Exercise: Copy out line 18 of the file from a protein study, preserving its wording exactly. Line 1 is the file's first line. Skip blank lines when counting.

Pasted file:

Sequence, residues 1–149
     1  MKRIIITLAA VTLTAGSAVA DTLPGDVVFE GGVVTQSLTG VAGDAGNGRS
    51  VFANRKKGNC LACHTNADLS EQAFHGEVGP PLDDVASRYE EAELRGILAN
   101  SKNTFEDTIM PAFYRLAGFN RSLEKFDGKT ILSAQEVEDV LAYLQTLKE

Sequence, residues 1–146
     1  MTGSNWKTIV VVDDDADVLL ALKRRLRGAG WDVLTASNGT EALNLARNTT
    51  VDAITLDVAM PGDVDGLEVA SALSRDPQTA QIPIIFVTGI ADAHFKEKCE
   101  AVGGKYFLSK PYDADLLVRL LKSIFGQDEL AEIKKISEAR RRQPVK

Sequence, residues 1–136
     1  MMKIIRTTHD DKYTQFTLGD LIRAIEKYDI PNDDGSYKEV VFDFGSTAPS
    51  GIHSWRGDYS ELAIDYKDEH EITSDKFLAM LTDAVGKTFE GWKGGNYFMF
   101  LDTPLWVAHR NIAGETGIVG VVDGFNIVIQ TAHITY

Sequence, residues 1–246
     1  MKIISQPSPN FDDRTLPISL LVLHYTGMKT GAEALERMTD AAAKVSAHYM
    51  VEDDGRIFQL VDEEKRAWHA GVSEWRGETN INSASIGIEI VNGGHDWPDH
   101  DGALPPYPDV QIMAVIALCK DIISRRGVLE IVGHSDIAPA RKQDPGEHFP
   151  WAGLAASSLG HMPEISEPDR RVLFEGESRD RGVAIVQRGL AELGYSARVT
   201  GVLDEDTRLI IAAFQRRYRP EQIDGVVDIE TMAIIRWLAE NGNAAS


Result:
   201  GVLDEDTRLI IAAFQRRYRP EQIDGVVDIE TMAIIRWLAE NGNAAS